Bejeweled with diamonds, a dozen jangling gold bracelets and a gold Krugerrand coin around her neck, the diminutive woman was ushered to the stand by Peninsula businessman Nader Agha, a family friend who is the co-conservator of her estate.
Upon questioning, she told prosecutor Lisa Poll she moved to California with her husband in 1954. Poll then asked her birth date.
“Dec. 29,” she said.
“What year?” asked Poll.
“Oh, I don’t want to give it,” she said smiling, sparking laughter in the courtroom.
But we need to know your age, Scott told her.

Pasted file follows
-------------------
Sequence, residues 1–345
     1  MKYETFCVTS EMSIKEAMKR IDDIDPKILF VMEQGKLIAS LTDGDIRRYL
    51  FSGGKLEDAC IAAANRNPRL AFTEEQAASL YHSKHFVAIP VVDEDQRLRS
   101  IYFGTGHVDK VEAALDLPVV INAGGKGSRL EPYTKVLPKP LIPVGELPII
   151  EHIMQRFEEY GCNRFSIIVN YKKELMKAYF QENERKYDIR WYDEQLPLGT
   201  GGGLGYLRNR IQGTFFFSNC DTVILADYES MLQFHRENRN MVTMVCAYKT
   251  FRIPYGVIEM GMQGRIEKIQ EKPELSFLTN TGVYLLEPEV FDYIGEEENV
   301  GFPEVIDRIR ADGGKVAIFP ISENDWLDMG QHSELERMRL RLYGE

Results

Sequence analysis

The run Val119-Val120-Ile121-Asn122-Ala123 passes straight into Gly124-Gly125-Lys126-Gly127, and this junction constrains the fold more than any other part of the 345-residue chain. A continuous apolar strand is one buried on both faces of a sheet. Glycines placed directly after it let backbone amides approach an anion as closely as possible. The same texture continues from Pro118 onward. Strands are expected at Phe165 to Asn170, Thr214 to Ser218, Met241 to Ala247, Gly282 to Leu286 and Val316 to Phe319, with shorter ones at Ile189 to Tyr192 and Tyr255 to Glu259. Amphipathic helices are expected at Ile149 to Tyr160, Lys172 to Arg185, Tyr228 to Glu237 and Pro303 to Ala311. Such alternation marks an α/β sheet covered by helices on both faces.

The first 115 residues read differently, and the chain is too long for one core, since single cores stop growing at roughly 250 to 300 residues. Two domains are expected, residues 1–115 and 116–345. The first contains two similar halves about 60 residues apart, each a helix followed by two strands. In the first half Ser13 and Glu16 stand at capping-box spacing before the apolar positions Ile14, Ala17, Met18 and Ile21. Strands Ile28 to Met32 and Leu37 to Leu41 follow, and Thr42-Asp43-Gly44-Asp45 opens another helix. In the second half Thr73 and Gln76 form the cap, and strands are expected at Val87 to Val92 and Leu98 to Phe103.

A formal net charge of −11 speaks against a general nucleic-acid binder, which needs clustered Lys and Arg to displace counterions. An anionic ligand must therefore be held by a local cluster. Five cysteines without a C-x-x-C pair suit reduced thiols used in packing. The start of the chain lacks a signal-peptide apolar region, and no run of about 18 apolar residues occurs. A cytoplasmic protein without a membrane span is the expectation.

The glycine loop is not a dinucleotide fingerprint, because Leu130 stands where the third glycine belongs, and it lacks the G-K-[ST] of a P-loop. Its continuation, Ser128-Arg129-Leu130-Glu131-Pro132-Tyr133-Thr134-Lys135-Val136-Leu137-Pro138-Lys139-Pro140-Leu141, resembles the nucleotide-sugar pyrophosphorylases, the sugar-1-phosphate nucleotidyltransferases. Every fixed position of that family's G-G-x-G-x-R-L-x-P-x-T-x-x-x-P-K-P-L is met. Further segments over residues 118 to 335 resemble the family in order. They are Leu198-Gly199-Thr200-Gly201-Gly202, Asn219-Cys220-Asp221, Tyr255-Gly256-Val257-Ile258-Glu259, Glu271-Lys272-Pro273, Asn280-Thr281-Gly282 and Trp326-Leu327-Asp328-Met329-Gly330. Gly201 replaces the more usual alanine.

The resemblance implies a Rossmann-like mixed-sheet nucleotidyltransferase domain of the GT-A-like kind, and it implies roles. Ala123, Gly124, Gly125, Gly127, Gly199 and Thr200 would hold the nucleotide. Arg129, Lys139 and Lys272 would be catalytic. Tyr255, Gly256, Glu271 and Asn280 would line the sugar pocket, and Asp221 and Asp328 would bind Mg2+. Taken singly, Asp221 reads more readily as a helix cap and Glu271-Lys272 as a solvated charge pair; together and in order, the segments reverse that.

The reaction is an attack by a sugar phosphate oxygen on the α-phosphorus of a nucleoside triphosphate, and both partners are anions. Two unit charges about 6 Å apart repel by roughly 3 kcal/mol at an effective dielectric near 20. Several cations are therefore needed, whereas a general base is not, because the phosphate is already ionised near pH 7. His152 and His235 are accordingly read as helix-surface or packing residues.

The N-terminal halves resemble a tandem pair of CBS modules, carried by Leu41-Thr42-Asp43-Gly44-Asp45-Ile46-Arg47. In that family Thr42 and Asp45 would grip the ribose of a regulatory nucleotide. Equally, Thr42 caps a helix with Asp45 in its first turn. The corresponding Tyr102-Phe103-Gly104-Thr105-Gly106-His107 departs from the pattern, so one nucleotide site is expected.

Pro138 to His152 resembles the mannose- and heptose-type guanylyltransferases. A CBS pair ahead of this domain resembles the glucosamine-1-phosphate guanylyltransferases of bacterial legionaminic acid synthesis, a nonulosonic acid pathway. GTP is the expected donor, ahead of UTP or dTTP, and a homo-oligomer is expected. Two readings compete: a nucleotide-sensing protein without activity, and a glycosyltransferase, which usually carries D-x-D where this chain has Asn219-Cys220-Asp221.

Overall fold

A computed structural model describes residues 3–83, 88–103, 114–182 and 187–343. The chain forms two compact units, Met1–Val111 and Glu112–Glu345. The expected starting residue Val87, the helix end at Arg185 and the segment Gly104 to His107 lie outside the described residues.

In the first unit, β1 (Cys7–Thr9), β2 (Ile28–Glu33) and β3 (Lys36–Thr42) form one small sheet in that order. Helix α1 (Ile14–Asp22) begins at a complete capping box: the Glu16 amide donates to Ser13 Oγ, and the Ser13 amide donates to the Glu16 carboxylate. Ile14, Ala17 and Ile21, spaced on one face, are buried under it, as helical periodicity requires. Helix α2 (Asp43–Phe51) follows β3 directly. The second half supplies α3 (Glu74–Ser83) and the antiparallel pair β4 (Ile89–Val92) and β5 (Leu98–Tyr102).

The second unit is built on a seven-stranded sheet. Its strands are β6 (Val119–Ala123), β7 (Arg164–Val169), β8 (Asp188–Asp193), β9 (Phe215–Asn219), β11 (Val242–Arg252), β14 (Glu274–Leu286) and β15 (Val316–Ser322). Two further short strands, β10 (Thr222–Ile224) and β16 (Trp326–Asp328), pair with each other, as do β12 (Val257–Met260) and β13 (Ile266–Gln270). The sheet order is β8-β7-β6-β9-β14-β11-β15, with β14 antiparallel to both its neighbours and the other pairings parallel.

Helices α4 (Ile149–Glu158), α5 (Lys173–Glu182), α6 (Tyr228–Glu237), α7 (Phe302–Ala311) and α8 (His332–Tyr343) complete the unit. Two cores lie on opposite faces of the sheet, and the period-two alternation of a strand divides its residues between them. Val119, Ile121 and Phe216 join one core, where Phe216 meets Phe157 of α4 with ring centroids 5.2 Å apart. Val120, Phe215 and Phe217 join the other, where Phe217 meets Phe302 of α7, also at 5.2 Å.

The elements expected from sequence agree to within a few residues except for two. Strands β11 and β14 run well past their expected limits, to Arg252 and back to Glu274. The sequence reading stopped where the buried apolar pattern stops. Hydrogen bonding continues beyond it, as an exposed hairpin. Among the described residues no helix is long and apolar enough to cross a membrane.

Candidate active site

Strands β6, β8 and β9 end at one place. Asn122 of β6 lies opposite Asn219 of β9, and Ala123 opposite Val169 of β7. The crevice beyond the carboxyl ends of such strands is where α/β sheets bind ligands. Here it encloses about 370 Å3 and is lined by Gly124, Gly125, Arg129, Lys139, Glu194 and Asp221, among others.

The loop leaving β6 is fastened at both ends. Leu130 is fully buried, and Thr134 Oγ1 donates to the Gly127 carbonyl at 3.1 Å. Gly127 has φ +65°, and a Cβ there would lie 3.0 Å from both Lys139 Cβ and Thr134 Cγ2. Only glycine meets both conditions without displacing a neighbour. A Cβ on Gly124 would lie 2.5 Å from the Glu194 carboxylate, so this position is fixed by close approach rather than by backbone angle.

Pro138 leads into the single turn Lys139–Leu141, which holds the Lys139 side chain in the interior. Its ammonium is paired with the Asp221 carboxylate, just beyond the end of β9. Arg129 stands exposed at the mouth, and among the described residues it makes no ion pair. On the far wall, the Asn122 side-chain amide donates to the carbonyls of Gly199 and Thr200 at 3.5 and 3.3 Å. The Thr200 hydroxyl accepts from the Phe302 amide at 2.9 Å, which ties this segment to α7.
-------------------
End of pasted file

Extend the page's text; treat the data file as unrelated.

“I’m over 39,” she said, before whispering her true age to the judge.
Using headphones and an assisted-listening device, King was less lighthearted when asked to identify her grandniece, who was shackled nearby in orange-and-white-striped jail garb. King, forced to look at the defendant, briefly broke into tears.
“I’ve never had anyone look after me,” she said. “I’ve always had to paddle my own canoe and I was glad to do so.”
On the contrary, she testified, she tried to take care of Hurley by buying seven rentals on four properties and signing over 30 percent to Hurley. In return, Hurley was to manage the properties and “be self-sufficient.”